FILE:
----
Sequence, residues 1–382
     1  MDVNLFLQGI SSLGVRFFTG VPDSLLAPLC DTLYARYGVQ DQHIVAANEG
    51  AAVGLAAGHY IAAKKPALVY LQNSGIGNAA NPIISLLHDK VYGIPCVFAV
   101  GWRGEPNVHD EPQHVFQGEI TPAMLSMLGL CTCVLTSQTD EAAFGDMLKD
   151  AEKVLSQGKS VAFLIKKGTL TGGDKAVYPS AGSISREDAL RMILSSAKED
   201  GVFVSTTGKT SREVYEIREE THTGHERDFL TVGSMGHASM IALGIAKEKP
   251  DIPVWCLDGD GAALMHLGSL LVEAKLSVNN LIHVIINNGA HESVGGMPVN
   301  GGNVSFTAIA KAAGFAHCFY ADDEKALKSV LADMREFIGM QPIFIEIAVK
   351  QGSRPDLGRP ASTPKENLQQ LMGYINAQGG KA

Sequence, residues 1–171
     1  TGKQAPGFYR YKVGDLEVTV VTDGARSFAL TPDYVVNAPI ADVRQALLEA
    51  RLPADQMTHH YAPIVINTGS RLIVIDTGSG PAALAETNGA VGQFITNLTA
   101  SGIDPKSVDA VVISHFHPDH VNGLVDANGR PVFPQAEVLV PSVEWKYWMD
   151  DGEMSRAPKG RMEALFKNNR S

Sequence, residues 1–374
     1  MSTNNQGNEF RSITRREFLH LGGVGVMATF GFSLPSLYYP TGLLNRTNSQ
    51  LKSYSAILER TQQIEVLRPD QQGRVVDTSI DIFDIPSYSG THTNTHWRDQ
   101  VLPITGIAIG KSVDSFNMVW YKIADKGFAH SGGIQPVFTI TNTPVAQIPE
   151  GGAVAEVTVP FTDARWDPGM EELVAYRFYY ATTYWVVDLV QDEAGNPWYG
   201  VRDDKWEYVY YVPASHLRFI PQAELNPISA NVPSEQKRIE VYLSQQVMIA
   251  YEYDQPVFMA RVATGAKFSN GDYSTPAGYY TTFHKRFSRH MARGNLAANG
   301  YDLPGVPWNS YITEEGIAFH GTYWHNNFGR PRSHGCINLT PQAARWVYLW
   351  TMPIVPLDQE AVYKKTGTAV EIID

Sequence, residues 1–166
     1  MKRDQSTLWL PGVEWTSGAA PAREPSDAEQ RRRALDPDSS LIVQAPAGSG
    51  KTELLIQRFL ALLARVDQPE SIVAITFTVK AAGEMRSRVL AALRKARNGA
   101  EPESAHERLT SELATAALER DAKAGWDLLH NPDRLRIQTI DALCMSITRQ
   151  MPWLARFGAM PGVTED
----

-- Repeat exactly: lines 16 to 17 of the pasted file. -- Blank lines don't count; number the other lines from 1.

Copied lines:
     1  MSTNNQGNEF RSITRREFLH LGGVGVMATF GFSLPSLYYP TGLLNRTNSQ
    51  LKSYSAILER TQQIEVLRPD QQGRVVDTSI DIFDIPSYSG THTNTHWRDQ